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TitleInfluence of loss of gradient from postglacial uplift on Red River flood hazard, Manitoba, Canada
AuthorBrooks, G R; Thorleifson, L H; Lewis, C F M
SourceThe Holocene vol. 15, no. 3, 2005 p. 347-352, https://doi.org/10.1191/0959683605hl804rp
Year2005
Alt SeriesGeological Survey of Canada, Contribution Series 2003046
PublisherSAGE Publications
Documentserial
Lang.English
Mediapaper; on-line; digital
File formatpdf
ProvinceManitoba
NTS62H/03; 62H/04; 62H/05; 62H/06; 62H/11; 62H/12; 62H/13; 62H/14
AreaRed River; Lake Winnipeg; Red River Floodway; Assiniboine River; Winnipeg; Ste. Agathe; Morris; St. Jean Baptiste; Letellier; Emerson
Lat/Long WENS -97.7500 -97.0000 50.0000 49.0000
Subjectshydrogeology; isostatic rebound; flood potential; flood plains; paleohydrology; drainage systems; Quaternary
Illustrationslocation maps; graphs; sketch maps; time series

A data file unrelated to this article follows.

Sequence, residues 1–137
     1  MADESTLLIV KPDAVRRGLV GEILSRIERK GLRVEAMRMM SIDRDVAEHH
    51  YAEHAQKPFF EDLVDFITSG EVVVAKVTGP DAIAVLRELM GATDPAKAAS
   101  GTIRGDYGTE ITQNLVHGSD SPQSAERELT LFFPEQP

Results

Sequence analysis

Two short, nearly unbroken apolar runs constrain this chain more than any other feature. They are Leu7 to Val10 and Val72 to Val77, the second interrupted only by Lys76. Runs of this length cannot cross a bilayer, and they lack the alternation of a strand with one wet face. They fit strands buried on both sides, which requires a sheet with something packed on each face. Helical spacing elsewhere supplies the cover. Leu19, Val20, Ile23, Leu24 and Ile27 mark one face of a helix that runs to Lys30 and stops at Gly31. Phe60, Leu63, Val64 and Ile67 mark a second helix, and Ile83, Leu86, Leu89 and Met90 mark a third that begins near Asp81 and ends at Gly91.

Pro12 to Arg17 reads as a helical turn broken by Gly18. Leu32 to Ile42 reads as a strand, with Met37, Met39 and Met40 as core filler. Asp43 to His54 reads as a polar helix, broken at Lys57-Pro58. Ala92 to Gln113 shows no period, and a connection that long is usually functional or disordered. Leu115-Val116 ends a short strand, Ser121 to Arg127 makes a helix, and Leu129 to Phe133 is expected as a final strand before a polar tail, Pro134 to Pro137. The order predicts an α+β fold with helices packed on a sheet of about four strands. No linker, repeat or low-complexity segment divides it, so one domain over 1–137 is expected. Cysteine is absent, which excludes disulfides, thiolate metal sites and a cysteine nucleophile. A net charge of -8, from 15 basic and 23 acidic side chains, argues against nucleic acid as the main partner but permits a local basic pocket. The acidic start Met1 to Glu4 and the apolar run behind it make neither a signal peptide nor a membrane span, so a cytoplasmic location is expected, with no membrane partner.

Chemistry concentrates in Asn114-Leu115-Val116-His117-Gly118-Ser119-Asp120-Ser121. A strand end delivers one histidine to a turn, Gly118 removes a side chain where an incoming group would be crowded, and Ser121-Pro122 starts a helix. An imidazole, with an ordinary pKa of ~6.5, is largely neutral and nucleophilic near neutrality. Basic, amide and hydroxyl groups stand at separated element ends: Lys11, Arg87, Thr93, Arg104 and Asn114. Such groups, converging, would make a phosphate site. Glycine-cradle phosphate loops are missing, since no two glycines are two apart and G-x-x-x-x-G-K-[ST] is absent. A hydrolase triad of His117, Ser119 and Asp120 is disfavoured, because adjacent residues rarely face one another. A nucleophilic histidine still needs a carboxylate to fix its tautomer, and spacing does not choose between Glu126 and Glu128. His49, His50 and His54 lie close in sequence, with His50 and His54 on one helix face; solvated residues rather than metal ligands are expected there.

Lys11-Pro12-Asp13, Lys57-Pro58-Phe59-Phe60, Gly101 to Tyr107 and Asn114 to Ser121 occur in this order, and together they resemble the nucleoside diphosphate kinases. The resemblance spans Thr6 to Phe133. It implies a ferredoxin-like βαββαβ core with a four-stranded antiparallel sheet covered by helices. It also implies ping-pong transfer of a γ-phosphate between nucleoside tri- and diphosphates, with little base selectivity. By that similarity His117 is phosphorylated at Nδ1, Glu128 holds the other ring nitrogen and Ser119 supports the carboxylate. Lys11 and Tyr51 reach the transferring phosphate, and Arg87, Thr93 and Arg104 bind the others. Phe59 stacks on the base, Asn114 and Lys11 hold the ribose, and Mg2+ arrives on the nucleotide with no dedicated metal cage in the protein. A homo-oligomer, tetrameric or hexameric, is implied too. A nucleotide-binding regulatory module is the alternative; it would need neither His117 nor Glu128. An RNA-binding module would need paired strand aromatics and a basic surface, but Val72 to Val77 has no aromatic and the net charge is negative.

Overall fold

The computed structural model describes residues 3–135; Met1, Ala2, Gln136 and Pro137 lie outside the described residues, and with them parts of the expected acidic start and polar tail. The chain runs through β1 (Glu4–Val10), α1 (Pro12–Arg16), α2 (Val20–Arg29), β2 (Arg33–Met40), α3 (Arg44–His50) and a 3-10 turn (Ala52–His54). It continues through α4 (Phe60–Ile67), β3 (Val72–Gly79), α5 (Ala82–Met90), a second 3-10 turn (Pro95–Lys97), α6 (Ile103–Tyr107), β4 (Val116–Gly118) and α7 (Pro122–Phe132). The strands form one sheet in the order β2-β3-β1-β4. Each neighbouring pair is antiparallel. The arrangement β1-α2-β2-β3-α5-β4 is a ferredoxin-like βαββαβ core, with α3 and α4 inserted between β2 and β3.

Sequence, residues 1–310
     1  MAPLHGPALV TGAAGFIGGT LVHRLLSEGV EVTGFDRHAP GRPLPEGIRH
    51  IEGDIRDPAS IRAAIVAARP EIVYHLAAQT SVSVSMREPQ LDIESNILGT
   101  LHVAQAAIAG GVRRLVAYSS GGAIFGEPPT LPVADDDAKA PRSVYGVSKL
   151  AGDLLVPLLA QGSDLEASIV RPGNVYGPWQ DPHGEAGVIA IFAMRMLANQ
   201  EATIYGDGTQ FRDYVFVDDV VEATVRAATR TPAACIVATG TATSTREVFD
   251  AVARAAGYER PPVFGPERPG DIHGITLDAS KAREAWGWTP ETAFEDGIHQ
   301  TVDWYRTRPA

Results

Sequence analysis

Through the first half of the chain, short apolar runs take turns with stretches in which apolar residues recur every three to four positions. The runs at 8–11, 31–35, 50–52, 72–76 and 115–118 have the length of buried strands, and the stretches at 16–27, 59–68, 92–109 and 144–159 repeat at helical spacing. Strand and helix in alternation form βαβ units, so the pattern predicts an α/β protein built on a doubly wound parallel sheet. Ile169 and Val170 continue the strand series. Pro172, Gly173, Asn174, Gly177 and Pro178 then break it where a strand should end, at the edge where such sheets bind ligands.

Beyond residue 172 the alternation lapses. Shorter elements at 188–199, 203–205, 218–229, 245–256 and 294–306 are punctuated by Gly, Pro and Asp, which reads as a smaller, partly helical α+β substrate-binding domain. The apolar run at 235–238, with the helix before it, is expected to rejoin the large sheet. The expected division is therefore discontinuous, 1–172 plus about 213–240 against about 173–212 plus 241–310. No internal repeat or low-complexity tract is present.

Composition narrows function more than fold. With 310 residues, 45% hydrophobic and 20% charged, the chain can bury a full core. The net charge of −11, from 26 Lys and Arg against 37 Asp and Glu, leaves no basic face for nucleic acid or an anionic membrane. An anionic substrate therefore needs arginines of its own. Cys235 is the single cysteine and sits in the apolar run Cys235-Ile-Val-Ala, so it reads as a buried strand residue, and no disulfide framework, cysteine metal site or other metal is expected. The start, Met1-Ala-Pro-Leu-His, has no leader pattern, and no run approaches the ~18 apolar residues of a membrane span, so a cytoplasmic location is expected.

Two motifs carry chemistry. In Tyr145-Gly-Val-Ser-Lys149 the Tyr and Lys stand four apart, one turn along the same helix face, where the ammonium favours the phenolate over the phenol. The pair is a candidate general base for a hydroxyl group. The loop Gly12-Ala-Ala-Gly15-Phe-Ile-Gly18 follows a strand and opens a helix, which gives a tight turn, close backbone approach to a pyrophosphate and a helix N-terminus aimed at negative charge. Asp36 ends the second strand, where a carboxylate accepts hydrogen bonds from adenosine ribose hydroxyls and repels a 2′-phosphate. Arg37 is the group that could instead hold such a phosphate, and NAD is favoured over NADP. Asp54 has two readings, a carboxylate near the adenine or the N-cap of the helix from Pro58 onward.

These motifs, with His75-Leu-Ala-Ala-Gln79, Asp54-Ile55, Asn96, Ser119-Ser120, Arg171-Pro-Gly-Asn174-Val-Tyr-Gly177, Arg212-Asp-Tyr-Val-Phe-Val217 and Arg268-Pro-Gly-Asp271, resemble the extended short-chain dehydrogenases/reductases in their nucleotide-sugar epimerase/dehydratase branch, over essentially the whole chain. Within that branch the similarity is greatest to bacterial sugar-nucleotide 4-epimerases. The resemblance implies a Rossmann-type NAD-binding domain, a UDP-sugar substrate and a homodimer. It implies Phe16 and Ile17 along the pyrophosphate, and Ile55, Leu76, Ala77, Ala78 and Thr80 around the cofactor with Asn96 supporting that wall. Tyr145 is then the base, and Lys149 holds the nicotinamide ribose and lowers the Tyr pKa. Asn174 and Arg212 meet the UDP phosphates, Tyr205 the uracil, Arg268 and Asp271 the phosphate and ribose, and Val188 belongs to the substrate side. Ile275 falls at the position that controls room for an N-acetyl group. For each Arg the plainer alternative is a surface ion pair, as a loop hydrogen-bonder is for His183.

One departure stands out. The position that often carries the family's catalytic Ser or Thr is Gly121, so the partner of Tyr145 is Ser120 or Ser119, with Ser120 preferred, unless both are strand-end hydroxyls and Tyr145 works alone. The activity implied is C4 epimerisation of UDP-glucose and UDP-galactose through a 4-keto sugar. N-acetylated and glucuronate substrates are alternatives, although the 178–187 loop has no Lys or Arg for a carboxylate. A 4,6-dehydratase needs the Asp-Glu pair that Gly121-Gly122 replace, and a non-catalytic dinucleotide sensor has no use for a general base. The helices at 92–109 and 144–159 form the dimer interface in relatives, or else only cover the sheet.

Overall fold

ProgramCanada-Manitoba Partnership Agreement on Red River Valley Flood Protection
Released2016 07 27
AbstractThe north-flowing, low-gradient section of the Red River in Manitoba has lost-60%/o of its valley gradient since 8 ka cal. BP. An existing hydraulic model of the modem Red River flood zone was used to examine the change in flood extent and depth of a discharge equivalent to the 1997 Red River flood (3970 m3/s) for scenarios of gradients at 8, 6, 4 and 2 ka cal. BP as well as 2 ka in the future. The modelling indicates a broad, shallow flood zone for all of the gradient scenarios, with extent and depth increasing over time. Between the 8 ka cal. BP and present-day scenarios, the flood zone increased from 1186 km2 to 1531 km2 (-29%/o) with depth increasing along four east-west cross-sections by 0.69 m (-61%), 0.91 m (-82%), 0.56 m (-64%) and 0.48 m (-86%). The flood extent and depths increased by a further 18 km2(--5%) and 0.04-0.06 m (2-5%), respectively, by 2 ka in the future. Most of these changes to the flood zone occurred between 8 and 2 ka cal. BP, reflecting an exponential loss of gradient. A rise in flood depth equivalent to that which occurred between 8 ka cal. BP and the present-day, is assessed as increasing the long-term flood hazard; in contrast, the slight rise in depth between the present-day and 2 ka in the future does not.
GEOSCAN ID214404